Agile – tech is agile, so tech training should be agile too. Gone are the days of release cycles spanning two or three years, and our training content has to mirror this dynamic. It doesn’t make sense to spend ages creating learning materials. Before you know it, they’re out of date.
Relevant – training content should be tied to the skills needed in our clients’ job roles. We have to be on top of their job descriptions, so our training is relevant not just to how tech is changing but how jobs are changing too. It’s complicated, and it demands serious expertise. That’s why all our trainers have at least a decade’s experience in industry or education or both.
Experiential – everything we do should have applicability to how you’d actually do it in the workplace. All the practical assignments, all the testing, it’s all tied to a real project that a graduate might do in future, tailored to the client’s operational environment and industry. The experience has to prepare trainees for work.
This applies to the professional business skills we teach alongside the technical skills, such as communication and collaboration. Especially for women in technology, there’s sadly still a lot of bias in some areas of the world. How do you express confidence without expressing arrogance? How do you challenge the status quo constructively? We help graduates develop in these surrounding areas too.
The upfront injection of industry-aligned training to turn a degree into a career is only the beginning. These days it’s not enough to just acquire a bunch of tech knowledge and then sit back on your laurels. You have to be ready for the next evolution.
That’s why the mthree Alumni program doesn’t stop when the graduates go on-site. We include ongoing support to help them continue developing in their role.
As Dennis puts it, it can be hard for employees to think about staying current at the best of times. An attitude of lifelong learning is even more necessary now that teams have become more distributed, with more people working remotely as businesses fight to adapt to post-pandemic life.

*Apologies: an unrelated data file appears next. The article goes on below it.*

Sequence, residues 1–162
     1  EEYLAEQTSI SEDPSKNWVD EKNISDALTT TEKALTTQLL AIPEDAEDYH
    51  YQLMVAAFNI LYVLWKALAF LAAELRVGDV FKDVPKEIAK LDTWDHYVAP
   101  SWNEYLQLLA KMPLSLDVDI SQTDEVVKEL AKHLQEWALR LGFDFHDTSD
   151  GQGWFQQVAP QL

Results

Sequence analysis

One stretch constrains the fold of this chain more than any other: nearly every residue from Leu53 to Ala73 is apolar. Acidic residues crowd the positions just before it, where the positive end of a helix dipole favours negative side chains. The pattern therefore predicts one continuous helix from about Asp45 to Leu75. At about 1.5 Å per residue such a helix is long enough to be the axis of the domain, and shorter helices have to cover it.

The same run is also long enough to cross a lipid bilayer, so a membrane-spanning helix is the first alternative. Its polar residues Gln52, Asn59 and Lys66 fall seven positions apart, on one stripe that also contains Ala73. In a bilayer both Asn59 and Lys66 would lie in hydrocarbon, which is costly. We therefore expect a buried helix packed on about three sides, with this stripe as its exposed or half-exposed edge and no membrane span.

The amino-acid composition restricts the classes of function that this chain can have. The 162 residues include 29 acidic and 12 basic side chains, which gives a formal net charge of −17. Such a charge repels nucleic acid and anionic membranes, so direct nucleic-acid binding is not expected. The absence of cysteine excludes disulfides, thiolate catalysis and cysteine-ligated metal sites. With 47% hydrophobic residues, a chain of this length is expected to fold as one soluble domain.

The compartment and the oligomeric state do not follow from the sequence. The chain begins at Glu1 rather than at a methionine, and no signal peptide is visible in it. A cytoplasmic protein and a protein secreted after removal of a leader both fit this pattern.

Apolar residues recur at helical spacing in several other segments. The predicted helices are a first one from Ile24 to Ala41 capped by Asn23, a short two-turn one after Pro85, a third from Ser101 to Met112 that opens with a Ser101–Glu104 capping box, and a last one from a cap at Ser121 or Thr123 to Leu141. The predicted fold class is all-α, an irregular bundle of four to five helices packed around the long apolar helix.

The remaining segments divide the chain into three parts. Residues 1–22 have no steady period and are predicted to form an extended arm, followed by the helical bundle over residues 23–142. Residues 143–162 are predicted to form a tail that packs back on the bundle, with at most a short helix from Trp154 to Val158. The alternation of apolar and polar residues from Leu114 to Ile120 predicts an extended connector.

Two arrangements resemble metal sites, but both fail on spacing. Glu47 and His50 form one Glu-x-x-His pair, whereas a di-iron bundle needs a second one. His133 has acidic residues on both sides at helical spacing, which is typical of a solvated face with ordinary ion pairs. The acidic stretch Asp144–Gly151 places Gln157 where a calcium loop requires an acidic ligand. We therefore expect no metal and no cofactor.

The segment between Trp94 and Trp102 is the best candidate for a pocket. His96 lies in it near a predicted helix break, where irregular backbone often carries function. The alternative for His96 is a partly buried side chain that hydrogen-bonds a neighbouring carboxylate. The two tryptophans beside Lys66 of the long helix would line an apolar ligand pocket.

“So we’re looking at our lifelong learning in terms of live touchpoints, where we check in and monitor and guide and give feedback, and in terms of prescriptive pathways too. Imagine you’re a data scientist. Over the two years you’re in your mthree Alumni role, we’ll give you a recommended set of courses to do, and we’ll follow your progress throughout. Not just for technical skills but also softer skills.”
We use a curated mix of sources for this. Some is our own custom content created by Wiley (a global leader in research, publishing and education for over 200 years), and some of it from other sources. We want to be able to provide pathways that are personalized to the learner and present the content in the manner they feel is the most effective for them. How they learn, and how they like to learn.
“Maybe I prefer reading but you’re a visual learner. If we see in our Learning Technology Ecosystem that you like videos, we’ll serve you more videos. At the end of the day we want you to learn in the most effective way for you. People have different obligations at home, with families and so on. Their ongoing learning has to meet them where they are.”
And that’s the critical piece of the puzzle. You want graduates because they’re smart and curious. You also want them to be valuable contributors from the get-go. We find the right folks and give them the upfront and ongoing training to make that happen.
Could mthree can help your organization bring in graduates with the skills you need, ready to go the distance? Find out more at mthree.com.
Going to London Tech Week 2021? See you there! We’re part of the Future of Work track on 22nd September. Make sure you register to hear Becs Roycroft, Thomas Seymour and Jeremy Corbett from mthree talk on the workforce strategies for success, ways to increase diversity & inclusion, and impacts of COVID on hiring.